Having so determined, they endeavored to inform themselves about the road that they could take on their return that would avoid the bad country and the uninhabited regions they had passed through when they came. They learned that by returning by a circular route to the right of the one by which they had come, the road they would travel would be shorter, but they would have to traverse many other uninhabited districts and deserts. If they chose to return by a route to the left, however, also making a semicircle, though their road would be longer they would always be going through an inhabited country where they would find food and Indians to guide them.

On learning this, they made haste to leave those bad lands of the Vaqueros, and they marched in an arc toward the south, always obtaining information of the road ahead in order not to get into some desert that they could not get out of. Though the Castilians traveled taking care not to injure the Indians, so as not to incite them to make war upon them, and though they made long daily marches so as to leave their provinces quickly, the natives did not allow them to pass in peace. On the contrary they fell upon them with sudden attacks and alarms at all hours of the day and night. In order to surprise them more successfully, they hid themselves in the woods near the road, and where there were none they threw themselves down on the ground and covered themselves with grass, and when our men passed by unsuspectingly, seeing no one, they raised up and shot them with arrows mercilessly, but when the Spaniards turned upon them they ran away.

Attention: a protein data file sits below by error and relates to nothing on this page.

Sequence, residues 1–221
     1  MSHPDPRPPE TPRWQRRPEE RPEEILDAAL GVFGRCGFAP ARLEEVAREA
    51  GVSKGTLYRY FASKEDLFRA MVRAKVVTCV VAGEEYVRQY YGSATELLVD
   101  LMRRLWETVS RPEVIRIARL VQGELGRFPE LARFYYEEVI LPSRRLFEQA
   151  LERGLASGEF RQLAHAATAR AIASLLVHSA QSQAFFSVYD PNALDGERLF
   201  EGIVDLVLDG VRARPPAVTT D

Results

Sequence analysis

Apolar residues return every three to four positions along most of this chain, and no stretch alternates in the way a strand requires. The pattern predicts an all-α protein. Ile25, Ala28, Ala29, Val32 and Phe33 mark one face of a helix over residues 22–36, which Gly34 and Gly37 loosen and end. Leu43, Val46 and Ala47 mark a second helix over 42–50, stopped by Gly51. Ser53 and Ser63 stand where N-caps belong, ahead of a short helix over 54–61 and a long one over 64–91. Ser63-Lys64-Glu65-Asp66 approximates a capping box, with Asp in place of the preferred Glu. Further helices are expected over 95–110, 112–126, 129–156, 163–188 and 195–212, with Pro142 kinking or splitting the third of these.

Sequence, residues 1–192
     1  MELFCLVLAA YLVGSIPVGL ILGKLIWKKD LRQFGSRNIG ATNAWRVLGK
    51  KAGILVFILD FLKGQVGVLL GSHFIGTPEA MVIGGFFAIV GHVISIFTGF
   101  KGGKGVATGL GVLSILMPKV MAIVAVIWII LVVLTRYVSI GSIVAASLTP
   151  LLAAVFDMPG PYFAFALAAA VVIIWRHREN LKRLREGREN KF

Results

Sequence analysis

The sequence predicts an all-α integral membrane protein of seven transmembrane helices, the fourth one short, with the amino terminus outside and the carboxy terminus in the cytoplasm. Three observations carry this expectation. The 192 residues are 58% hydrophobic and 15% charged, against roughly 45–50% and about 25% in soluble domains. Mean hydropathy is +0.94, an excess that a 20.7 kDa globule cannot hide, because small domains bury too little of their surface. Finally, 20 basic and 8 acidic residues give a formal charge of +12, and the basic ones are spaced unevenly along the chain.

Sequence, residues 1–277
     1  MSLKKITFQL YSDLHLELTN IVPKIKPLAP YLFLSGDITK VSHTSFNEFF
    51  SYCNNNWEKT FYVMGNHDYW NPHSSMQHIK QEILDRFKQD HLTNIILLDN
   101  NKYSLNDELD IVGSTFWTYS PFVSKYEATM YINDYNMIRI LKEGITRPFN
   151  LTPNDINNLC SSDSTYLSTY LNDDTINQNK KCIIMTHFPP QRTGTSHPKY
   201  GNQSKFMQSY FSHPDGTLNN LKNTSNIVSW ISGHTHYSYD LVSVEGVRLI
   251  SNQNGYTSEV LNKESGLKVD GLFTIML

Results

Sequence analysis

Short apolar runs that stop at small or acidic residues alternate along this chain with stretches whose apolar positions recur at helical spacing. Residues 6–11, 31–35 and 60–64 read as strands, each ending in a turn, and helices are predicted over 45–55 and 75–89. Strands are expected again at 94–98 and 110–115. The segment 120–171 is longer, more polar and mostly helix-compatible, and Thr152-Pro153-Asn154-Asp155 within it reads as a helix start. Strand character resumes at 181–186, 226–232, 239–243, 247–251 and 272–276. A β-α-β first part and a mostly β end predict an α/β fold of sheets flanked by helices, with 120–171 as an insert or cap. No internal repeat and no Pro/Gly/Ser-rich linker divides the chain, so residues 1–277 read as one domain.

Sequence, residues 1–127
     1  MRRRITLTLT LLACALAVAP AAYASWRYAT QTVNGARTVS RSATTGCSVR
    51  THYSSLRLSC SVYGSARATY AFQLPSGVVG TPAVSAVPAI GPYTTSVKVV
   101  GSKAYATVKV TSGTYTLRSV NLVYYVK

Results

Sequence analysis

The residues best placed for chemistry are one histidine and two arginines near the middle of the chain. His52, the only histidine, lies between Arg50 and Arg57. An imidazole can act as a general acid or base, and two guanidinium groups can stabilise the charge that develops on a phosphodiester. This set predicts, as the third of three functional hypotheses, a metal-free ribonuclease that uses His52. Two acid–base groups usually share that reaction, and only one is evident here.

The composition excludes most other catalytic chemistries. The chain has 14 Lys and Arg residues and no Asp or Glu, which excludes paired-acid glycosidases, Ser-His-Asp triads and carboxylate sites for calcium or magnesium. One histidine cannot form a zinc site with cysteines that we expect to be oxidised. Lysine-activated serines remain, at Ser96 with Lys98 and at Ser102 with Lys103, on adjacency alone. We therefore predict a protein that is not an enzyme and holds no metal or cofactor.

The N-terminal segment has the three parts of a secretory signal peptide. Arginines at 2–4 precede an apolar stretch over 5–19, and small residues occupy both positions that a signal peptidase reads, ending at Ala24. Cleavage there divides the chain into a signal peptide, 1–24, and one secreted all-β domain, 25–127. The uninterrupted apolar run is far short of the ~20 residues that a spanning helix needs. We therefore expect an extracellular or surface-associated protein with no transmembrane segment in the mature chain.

These attacks were so numerous and so continuous that the enemy had scarcely been driven away from the vanguard when others appeared in the rear, and often at three or four places at the same time. They always left damage behind them with deaths and wounds of men and horses. The Spaniards received more harm in this province of the Vaqueros, without coming to blows with the enemy, than in any other of the many through which they traveled, particularly on the last day of their march through it. The road happened to be rough, through woods and over streams and passes very convenient for highwaymen such as those Indians were. Going and coming there in safety, they did not cease their attacks that whole day, in which they killed and wounded many Castilians, Indian servants, and horses.

In the last attack, which occurred at the crossing of a stream where there were many trees, they wounded a soldier from Galicia named Sanjurge, whom we mentioned at the beginning of this History Because he was an unusual man it will be fitting for us to tell some things about him in particular, for they all belong to our story and are extraordinary. I submit what I shall say about them and about anything else that I may say here or elsewhere to the correction and rule of the holy mother Roman church, whose most Catholic son I am, through the mercy of God, though unworthy of such a mother.

As Sanjurge was going through the middle of the stream, an Indian shot an arrow at him from among the undergrowth with such force that it penetrated the armor on his leg and went through the right thigh, and after going through the tree and pad of the saddle, two or three inches of the arrow passed on and wounded the horse. The horse ran out of the stream to a plain, kicking and curvetting to get rid of the arrow and of his master if he could.